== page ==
Metaphor Related to Illness and Death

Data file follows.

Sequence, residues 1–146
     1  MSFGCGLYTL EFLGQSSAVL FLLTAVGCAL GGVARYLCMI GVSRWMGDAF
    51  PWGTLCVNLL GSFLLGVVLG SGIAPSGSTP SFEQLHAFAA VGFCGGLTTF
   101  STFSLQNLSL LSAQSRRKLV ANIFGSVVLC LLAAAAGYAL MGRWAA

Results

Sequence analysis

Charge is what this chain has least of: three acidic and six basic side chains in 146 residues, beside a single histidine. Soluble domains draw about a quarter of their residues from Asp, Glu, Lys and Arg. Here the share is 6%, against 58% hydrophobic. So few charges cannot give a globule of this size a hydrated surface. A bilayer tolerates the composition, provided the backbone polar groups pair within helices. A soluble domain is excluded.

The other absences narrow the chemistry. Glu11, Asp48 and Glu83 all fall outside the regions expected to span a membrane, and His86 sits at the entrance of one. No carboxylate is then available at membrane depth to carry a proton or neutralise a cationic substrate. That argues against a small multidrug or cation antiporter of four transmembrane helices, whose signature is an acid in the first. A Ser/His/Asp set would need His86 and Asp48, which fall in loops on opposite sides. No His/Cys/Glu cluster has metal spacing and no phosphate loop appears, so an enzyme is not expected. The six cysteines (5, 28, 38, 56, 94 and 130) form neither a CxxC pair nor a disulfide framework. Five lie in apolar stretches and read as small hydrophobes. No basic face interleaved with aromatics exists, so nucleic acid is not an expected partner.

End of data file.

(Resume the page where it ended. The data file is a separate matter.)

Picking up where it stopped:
In The Book of Mechtilde Henriques uses two common metaphors for cancer: that of war and of social instability. In Illness as Metaphor, Susan Sontag points out that cancer in particular has been described in terms of warfare as well as well as the “concern for social order” (72). Conflict surrounding social order has a particular history in Jamaica that colors Henriques’s use of metaphor. During the 1960s, there was “a period in which class conflicts were played out on the terrain of culture. Individual identity and nationality became objects of political struggle, as social classes developed incompatible rival models of ‘Jamaicaness’ (Gray 13). Two parties in particular, the JLP and the PNP, sought power over the country. In Henriques’s language, “In the early years of the Land, two tribes had risen to prominence. These two tribes vied for leadership of the Land. Before, they had used rhetoric to win the hearts of the people. Now, they lifted up swords against one another and set their followers to war” (Henriques 26). This martial metaphor to describe the two forces battling for power over Jamaica also applies to the cancer waging war on Mechtilde’s body, which then functions as a symbol of Jamaica itself. As mentioned, Mechtilde was once Miss Jamaica and her body thus, in a sense, once represented the country or motherland. Near the end of her life Mechtilde “begged relief from her inner turmoil and strife, and the outer ones of the Land of Jah. She pleaded mercy from pain, for herself and her country” (Henriques 30). As she deteriorates from her cancer treatment, Henriques uses both text and a series of illustrations to depict her mother’s decline. She describes her “breastless chest” after a double mastectomy and “sheetly white” appearance as her cancer spreads (Henriques 78). In the end, of course, Jamaica survives its social disorder while the mother perishes.